More select print stories

The Future of American Colleges May Lie Literally in Students' Hands

On the cover of "The Chronicle Review" section of The Chronicle of Higher Education, UVM is featured in a trend story about colleges training in hands-on skills. The story notes the university's green housing guilds in which students teach other students sewing, canning, composting and beekeeping among other skills. The piece quotes an environmental studies major who taught his peers how to carve spoons in a woodworking guild last year: "To be active in the creation of an item forms a completely different relationship with that item." Read the story at Chronicle.com...

Why a Saudi Blogger Faces a Possible Death Sentence for Three Tweets

The Christian Science Monitor talks with Middle East expert and professor of political science Gregory Gause about the Saudi regime's effort to appeal to religious constituencies in making an example out of "blasphemer's" tweets. Read the story at CSMonitor.com...

Websites Pay Users Who Meet New Year's Resolutions

Based on his extensive research, Stephen T. Higgins, M.D., professor of psychiatry and psychology, comments for a BBC News Magazine story on humans' biological sensitivity to immediate gains and losses compared to delayed consequences. Read the BBC story...

Who is a Liberal Pakistani?

Environmental science professor Saleem Ali contributes this opinion piece to the Pakistani Express Tribune, an affiliate of The International Herald Tribune, thoughtfully laying out his definition of "liberalism" and how these ideas might impact the future of Pakistan. Read the story at Tribune.com...

Gay Mainers Look for Chance to Win Marriage Rights from Voters

Political scientist Ellen Andersen offers Business Week her expertise on the strategic decision of gay rights activists to focus on Maine as a location to press for the first popular vote on legalizing gay marriage. Read the story at BusinessWeek.com...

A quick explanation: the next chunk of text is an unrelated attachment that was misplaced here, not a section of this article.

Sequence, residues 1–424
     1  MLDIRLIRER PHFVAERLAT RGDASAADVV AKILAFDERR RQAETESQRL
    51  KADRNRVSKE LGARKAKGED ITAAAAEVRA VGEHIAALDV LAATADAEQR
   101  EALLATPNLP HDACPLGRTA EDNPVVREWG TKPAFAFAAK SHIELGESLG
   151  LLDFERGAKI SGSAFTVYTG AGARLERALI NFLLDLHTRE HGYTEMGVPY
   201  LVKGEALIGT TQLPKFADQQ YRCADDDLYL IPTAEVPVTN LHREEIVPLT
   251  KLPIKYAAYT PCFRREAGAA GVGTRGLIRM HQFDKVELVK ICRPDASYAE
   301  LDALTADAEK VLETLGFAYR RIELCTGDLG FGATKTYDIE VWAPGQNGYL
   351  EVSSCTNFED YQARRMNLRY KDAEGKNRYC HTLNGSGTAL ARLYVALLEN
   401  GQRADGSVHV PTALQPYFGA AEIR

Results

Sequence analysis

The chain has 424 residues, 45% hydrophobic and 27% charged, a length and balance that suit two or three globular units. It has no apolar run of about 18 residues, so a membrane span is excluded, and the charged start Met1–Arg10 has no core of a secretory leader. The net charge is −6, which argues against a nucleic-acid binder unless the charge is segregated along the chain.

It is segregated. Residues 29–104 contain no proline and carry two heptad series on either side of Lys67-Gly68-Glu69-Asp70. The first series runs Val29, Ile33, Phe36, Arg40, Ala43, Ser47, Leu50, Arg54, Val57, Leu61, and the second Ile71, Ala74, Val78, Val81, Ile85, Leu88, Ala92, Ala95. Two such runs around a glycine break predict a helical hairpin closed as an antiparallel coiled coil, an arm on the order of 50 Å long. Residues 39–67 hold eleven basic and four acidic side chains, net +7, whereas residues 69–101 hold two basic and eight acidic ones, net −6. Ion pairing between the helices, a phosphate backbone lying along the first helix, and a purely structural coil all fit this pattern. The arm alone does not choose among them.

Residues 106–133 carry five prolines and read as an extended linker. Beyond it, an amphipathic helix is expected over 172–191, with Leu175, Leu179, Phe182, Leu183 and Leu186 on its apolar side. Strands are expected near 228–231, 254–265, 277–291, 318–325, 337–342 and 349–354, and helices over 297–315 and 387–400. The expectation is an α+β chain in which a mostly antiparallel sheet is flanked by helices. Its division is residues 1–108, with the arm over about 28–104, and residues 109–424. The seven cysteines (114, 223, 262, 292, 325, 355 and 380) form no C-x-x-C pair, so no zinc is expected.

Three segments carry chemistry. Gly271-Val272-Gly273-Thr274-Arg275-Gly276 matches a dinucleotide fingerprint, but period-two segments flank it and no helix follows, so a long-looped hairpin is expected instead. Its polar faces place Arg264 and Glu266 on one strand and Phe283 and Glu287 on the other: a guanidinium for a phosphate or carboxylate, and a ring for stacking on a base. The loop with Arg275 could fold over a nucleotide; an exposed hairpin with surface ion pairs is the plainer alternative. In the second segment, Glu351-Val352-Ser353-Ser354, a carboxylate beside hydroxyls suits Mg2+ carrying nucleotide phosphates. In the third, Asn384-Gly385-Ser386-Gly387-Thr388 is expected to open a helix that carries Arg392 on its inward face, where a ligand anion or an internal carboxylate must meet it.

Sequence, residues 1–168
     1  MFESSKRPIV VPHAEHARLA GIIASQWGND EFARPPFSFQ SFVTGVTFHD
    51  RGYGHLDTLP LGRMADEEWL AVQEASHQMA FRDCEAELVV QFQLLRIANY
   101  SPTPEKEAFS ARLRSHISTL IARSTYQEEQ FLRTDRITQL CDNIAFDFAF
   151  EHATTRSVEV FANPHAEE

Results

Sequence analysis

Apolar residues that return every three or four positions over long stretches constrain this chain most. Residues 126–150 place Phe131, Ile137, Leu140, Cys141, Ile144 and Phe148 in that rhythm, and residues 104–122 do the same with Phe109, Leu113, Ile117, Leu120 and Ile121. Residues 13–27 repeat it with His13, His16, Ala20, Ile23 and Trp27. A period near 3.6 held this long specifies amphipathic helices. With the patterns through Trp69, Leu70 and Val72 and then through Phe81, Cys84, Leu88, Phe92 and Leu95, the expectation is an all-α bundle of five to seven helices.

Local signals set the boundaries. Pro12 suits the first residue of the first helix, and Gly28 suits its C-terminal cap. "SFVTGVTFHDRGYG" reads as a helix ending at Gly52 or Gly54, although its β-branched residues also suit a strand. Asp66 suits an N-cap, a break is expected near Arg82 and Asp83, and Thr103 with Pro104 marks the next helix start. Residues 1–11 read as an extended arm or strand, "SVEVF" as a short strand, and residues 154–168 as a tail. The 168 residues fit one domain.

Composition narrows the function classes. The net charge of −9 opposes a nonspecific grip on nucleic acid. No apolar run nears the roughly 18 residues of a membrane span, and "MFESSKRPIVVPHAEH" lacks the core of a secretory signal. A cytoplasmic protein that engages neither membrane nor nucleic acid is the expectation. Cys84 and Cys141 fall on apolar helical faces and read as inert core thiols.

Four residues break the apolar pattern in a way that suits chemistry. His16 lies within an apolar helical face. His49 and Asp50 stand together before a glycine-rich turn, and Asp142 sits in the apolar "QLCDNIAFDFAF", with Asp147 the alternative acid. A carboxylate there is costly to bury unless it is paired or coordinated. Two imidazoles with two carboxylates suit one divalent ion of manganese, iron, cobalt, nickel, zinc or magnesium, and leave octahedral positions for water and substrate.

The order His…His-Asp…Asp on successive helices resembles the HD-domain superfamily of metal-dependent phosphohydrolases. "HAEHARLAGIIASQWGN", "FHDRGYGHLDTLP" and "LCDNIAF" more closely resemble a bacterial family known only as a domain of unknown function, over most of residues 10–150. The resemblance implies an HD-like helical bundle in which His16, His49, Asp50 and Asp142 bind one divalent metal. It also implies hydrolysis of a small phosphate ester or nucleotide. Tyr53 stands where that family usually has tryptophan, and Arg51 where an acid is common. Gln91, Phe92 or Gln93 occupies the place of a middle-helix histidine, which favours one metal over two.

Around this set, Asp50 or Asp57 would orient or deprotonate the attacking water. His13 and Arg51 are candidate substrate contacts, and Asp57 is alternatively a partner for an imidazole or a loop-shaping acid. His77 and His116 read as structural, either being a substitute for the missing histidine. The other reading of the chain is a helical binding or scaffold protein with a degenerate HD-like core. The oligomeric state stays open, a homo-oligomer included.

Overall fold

Study: Kids get More Added Sugar from Foods than Drinks

USA Today talks to nutrition professor Rachel Johnson about the harmful effects of the added sugar Americans are currently consuming. Read the story at USAToday.com...

Disney Names Participant Media's Ricky Strauss to Lead Marketing

Los Angeles Times business blog, "Company Town," notes that UVM alumnus Ricky Strauss has been picked by Walt Disney Studios as its new president of worldwide marketing. Read the story at LATimes.blog.com...

Skiers vs. Snowboarders: Who Gets Injured More?

This Huffington Post story reports on a study by College of Medicine researchers published in the American Journal of Sports Medicine showing that snowboarders have higher injury rates than skiers, with young, inexperienced females the most accident-prone. Read the story at HuffingtonPost.com...

Vermont Wins EISA Championship, Eyes on NCAA Title

Ski Racing takes note of Vermont's EISA Championship as team heads toward NCAA title. Read the story at SkiRacing.com...

Romney a Mirror Image of Controversial Gingrich

Among other editorials for Gulfnews.com, political scientist Gordon Robison argues that the differences between the two Republican candidates are based primarily on style and temperament, rather than substance. Read the story at Gulfnews.com...

Six Surprising Sources of Sugar

Rachel Johnson, professor of nutrition and vice chair of the American Heart Association Nutrition Committee, contributed this piece to the Huffington Post on hidden sources of sugar in seemingly healthful foods. Read the story at HuffingtonPost.com...

How to Beat the Winter Blues

ABCNews.com, in a story from Women's Health magazine, cites a study by psychologist Kelly Rohan showing that cognitive behavioral therapy, which helps change negative thought patterns, is more effective at preventing recurrence of seasonal affective disorder than light therapy alone. Read the story at ABCNews.com...